Knowledge of fusils – the cylindrical weapons that use explosive alchemical reactions to propel bullets at deadly speeds – has existed for centuries, but these weapons were considered inferior to existing magical attacks, which were more accurate and had less risk of accidental death. Only after the Great Malice did the Danoran military begin to refine and improve fusils. The latest innovations in these weapons, now commonly called ‘guns,’ have led to their spread into Risur and Drakr, where industrial production helps equip armies with firepower on par with a well-trained sorcerer.
Firearms fascinate gunsmiths, who are not content simply to purchase and practice with guns. They tweak and tinker with their own refinements, and whenever two such craftsmen cross paths they bargain and deal for each other’s secrets. Especially now that firearms have moved beyond the null magic lands of Danor, seemingly limitless possibilities have opened up for the development of weapons that mix spellcraft and chemistry. Flint’s city governor Roland Stanfield is already planning a technological exposition where gunsmiths and other inventors can showcase their creations.
Playing a Gunsmith
Not all gunsmiths devote their combat training to wielding firearms; some just like to have the weapons for their aesthetic appeal, or to take advantage of the common man’s fear of their power. More often, though, gunsmiths practice endlessly to improve their aim, and try to learn as many trick shots as possible to prove the superiority of their chosen killing device. Those with magical training often master rituals to enchant their pistols. One gunsmith, Lerema Kurtz, is said to be able to conjure a cannon from her petticoat pocket.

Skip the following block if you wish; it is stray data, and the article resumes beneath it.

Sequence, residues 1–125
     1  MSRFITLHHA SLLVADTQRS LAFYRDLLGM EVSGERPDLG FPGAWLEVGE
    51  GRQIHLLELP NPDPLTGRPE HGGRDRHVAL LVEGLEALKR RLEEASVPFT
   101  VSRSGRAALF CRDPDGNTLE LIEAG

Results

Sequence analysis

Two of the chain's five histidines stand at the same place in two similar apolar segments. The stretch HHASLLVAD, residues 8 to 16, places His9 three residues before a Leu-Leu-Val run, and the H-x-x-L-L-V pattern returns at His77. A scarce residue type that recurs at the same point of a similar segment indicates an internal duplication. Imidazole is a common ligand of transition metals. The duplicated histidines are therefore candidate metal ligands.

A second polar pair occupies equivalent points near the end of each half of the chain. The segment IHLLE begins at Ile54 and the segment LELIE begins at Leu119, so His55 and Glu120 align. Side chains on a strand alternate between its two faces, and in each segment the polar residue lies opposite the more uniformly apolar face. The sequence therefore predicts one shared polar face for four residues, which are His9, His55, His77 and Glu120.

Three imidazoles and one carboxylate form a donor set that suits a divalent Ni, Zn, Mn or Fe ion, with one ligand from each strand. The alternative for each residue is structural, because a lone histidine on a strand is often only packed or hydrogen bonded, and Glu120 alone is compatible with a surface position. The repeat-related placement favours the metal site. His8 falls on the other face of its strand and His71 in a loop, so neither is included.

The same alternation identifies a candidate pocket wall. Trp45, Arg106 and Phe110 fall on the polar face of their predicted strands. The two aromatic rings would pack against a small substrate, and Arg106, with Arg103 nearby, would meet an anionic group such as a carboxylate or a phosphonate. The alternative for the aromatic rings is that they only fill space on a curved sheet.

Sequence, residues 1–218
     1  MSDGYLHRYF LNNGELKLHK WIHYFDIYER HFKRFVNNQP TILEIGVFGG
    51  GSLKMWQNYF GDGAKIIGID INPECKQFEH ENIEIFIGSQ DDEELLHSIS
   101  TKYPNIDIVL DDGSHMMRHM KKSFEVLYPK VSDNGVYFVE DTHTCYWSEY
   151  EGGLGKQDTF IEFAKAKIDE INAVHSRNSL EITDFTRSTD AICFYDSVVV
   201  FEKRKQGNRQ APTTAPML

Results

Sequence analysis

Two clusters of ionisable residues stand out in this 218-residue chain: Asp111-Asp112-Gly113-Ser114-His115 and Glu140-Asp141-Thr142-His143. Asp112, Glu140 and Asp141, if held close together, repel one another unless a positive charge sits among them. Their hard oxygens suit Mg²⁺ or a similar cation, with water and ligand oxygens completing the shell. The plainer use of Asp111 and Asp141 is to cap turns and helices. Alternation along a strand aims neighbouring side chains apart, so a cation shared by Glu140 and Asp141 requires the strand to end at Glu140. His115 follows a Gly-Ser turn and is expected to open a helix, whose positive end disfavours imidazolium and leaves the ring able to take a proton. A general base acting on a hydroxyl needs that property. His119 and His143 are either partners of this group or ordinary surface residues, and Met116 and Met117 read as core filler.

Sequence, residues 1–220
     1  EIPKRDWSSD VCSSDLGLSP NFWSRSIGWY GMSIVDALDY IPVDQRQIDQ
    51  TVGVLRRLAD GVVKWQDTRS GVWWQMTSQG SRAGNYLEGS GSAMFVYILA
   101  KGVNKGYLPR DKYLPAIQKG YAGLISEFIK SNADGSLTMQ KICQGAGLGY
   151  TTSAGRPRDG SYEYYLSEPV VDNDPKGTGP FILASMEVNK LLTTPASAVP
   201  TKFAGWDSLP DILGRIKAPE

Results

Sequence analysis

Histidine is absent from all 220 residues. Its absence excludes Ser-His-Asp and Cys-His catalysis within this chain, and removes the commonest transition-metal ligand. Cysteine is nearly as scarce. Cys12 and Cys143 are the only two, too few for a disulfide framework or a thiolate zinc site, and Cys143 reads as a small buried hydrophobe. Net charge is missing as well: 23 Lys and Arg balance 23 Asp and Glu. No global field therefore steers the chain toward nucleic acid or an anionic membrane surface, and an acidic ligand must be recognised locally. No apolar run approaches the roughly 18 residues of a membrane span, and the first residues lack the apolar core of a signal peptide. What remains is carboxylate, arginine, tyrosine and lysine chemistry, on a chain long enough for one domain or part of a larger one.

Many romanticize the deadly purity of guns, or decorate their weapons with baroque inlays and carvings. A few gunsmiths, however, take a bleaker view, rejecting any form of poetry. They just know guns are damned good at killing people, and that life’s as good as worthless when a bullet costs less than a mug of beer.
Theme Feat: The Man with Two Guns is God
In the war academies of Danor, students speak of combat like a science. Their curriculum involves not merely practicing forms and maneuvers, but writing theses about renowned warriors, or crafting and defending theorems regarding the mechanics of swordplay. The normally reserved Danorans honor the graduates of these battle colleges like other nations honor great poets and sculptors. As those warriors have proven the efficacy of their innovative techniques, the sentiment has spread throughout Lanjyr, and other nations have founded similar schools.